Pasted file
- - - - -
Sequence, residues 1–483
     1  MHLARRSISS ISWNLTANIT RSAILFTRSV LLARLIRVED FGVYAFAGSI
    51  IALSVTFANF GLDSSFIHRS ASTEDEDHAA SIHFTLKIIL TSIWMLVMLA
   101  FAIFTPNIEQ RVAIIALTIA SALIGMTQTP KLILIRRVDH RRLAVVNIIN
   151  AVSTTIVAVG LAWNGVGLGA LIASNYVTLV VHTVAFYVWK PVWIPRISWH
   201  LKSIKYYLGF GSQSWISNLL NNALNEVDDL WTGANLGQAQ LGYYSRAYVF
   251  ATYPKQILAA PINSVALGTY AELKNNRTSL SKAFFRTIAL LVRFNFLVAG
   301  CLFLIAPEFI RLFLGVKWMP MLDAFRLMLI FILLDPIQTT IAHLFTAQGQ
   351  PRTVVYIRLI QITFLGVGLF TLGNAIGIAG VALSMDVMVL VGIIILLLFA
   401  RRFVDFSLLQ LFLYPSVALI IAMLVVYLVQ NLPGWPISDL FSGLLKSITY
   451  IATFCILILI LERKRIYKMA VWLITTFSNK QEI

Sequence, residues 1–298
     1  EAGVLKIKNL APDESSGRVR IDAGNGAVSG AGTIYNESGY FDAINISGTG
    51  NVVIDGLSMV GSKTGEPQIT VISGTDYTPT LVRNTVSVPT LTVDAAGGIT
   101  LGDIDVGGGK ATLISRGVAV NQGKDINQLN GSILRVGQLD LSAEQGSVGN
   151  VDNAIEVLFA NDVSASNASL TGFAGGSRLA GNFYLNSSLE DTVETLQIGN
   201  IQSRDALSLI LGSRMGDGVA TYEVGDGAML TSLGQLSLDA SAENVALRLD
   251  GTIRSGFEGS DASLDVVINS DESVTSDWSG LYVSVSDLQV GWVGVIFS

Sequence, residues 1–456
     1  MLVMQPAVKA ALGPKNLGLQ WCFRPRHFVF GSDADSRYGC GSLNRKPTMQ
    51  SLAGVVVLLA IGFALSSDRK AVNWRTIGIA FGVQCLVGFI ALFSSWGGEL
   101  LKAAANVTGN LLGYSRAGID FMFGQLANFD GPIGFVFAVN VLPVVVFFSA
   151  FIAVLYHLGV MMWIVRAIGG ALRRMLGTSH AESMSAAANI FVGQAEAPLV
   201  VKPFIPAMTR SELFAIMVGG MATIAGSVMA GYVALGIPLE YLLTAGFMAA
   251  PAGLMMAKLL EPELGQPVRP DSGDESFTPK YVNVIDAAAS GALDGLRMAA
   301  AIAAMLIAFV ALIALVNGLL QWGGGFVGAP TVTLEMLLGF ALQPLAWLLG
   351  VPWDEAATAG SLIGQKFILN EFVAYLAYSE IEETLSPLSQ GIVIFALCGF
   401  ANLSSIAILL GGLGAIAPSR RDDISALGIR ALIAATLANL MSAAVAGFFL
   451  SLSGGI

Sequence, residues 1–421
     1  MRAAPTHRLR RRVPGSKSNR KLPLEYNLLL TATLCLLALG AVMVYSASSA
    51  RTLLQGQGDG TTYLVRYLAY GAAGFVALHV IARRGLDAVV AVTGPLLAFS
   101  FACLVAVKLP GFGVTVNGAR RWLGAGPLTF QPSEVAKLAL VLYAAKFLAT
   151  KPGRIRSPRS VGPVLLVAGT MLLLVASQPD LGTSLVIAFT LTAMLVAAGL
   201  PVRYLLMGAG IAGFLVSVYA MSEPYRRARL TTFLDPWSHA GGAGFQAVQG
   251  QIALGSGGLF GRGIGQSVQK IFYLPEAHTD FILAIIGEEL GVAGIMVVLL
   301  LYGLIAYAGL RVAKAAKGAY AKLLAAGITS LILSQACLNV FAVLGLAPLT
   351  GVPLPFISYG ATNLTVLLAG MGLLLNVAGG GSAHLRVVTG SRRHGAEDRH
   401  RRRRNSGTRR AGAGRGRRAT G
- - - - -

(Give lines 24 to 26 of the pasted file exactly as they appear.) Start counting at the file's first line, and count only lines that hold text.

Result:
   201  VKPFIPAMTR SELFAIMVGG MATIAGSVMA GYVALGIPLE YLLTAGFMAA
   251  PAGLMMAKLL EPELGQPVRP DSGDESFTPK YVNVIDAAAS GALDGLRMAA
   301  AIAAMLIAFV ALIALVNGLL QWGGGFVGAP TVTLEMLLGF ALQPLAWLLG